Claw-man was gone.
But where? He must have slipped down between cars. There were only a handful left before the engine. Sam reached the front of the gravel car, got down on all fours and looked down. The rails and ground sped beneath her in a blur but there was no one there. She faced forward again, stood and leaped onto another open-topped car, this one filled with a thick, powdery black material… asphalt?
Her feet sank in the soot-like stuff. It was like walking through sand as she progressed step by step, making her way at last to the leading edge, where she got down again, leaned over and looked below. But again, Claw-man was not in between the cars.
She stood once more and it was then she felt the powder shift slightly beneath her; heard a sound directly at her back.
She spun even as Claw-man fully stood, covered in the black powder, reaching out, trying to push her off the car. Sam grabbed hold of his arms, stepped backward onto the metal rim and shoved herself back. She twisted in mid-air, grasping for the edge of the box car on the other side with her left hand. Even as she caught it one-handed she felt the vagrant land against her, hugging her body, trying to arrest his fall. He dropped and pulled her with him.
Sam let go and slid down the back of the box car, her right foot landing on a metal ledge no more than six inches deep. Her left foot was on a thick metal bar that was part of the coupler. The vibration alone threatened to rattle her loose, but she grabbed onto a small metal ladder to her left and pivoted counter-clockwise, switching the positions of her feet.
Claw-man was there, standing on the coupler, his breath smelling like something dead and rotten. His eyes were wide with murderous intent. Sam had to let go of the ladder with her left hand to face him, but she gripped its metal rail now with her right even as she reached behind to pull out her Desert Eagle.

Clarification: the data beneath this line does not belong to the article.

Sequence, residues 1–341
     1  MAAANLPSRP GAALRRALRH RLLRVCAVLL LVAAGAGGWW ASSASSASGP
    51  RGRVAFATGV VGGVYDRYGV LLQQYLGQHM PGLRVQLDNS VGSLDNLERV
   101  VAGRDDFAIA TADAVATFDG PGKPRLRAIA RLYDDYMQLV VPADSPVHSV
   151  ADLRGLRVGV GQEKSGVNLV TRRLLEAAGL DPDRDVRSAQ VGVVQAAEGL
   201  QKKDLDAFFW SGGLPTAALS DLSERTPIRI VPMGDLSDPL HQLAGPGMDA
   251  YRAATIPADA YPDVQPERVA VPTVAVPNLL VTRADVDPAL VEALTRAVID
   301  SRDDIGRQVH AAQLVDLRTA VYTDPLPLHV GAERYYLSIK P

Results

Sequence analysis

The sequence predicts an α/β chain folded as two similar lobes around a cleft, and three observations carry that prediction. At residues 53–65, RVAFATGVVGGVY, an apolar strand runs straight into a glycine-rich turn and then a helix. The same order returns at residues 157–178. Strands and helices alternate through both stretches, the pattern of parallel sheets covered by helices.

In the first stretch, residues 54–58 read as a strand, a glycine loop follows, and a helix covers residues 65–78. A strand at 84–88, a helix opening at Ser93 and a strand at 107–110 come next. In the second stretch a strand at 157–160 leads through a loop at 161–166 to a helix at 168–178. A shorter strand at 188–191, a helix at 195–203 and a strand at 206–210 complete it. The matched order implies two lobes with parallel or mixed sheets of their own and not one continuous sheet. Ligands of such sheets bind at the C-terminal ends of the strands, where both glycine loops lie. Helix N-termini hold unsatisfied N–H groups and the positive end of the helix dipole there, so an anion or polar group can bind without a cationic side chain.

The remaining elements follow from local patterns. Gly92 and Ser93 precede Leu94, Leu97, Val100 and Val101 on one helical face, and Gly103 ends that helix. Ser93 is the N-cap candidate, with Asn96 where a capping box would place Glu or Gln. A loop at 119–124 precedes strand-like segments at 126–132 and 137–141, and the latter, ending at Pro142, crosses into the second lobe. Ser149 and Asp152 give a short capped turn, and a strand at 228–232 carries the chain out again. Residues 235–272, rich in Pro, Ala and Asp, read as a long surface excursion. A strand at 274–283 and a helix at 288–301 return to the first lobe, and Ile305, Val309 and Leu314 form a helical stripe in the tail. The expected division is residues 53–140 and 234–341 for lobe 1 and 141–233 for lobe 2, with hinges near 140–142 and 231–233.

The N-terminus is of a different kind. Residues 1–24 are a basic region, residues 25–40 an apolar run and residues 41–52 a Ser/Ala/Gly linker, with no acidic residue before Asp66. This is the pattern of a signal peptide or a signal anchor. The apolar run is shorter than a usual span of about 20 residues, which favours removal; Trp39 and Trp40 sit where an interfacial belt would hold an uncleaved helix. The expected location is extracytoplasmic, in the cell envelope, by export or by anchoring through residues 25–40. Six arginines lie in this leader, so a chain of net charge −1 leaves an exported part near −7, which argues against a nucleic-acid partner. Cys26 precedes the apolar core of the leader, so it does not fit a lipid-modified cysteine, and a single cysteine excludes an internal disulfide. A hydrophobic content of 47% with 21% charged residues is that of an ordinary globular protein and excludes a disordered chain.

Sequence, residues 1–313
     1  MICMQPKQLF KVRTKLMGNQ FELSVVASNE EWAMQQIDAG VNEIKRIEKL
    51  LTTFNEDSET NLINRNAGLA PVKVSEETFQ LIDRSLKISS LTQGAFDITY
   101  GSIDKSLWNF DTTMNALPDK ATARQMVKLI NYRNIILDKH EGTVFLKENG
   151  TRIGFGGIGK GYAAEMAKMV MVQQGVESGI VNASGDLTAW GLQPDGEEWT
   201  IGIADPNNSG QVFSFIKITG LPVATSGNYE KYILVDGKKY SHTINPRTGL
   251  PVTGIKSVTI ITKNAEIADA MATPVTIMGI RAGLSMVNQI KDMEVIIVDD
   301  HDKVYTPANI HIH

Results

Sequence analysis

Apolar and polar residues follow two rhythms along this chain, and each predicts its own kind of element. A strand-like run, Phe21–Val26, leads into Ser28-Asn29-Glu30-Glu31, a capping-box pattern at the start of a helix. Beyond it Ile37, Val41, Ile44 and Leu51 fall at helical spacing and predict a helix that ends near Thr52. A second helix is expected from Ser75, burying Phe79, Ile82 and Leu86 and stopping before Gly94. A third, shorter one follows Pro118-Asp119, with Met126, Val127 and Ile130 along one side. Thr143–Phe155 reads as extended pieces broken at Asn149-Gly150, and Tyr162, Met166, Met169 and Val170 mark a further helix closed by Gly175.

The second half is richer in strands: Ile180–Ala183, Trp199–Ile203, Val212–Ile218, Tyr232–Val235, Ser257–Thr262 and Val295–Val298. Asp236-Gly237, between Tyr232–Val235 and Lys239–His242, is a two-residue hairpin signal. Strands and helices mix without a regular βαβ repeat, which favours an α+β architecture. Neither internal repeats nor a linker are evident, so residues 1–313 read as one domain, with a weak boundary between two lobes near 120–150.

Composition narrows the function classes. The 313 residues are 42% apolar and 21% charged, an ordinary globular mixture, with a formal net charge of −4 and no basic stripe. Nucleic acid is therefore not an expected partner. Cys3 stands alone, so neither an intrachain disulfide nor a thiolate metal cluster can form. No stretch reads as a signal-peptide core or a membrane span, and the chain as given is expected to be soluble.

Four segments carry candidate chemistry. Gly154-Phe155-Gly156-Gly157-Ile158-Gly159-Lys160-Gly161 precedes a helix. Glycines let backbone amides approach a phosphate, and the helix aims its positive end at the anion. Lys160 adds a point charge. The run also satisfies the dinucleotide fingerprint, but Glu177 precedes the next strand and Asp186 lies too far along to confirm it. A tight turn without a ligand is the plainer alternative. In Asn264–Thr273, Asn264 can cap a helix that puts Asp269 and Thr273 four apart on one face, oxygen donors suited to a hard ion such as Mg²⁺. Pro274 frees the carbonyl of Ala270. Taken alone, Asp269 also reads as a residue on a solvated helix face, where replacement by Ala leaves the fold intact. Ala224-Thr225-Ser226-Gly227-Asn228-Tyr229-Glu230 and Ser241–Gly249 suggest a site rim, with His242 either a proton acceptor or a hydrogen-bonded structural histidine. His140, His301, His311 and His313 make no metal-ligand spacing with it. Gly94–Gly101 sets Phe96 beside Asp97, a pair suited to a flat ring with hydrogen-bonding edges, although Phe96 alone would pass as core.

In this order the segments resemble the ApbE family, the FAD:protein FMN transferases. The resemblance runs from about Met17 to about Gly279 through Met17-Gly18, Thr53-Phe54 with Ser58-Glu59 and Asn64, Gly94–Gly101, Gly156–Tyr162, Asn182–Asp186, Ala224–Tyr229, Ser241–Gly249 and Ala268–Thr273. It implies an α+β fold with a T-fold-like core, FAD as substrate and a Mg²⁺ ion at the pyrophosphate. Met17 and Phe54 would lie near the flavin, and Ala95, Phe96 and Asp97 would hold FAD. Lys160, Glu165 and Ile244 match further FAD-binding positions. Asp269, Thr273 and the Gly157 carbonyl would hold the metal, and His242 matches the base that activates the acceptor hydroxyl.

Claw-man lashed out with his left fist, striking her across the jaw, but the hit was awkward and didn’t have much force behind it as the vagrant struggled to keep his balance. Sam had moved with the punch, and as she returned to an upright position she raised the pistol. The other man’s right hand, the lobster-claw, shot up and latched onto Sam’s left hand, squeezing, clamping with incredible force. Sam cried out as she felt bones about to break. She let go of the gun…
And whipped her right hand underneath to catch it. She maneuvered it in her grip, put the barrel directly under Claw-man’s chin, and prayed that her finger would have enough strength to pull the trigger.
The top of Claw-man’s head erupted, his eyes went blank and the body crumpled, falling to one side, striking the ground and disappearing instantly.
Without that body to push against, and with one hand incapacitated and the other holding a gun, Sam had no way to hold on. She fell forward and stuck her right hand, still holding the pistol, out; both hand and pistol met the metal of the asphalt car. Pain seared all the way to her shoulder. Fighting through the agony, Sam stepped forward onto the coupling, enough to regain her balance. She removed her hand from the next car, replaced the Desert Eagle behind her back, then rotated back around, reaching across her body to grab onto the ladder rail with her weak right hand.
Slowly, painfully, Sam maneuvered herself to the metal ladder and began to climb.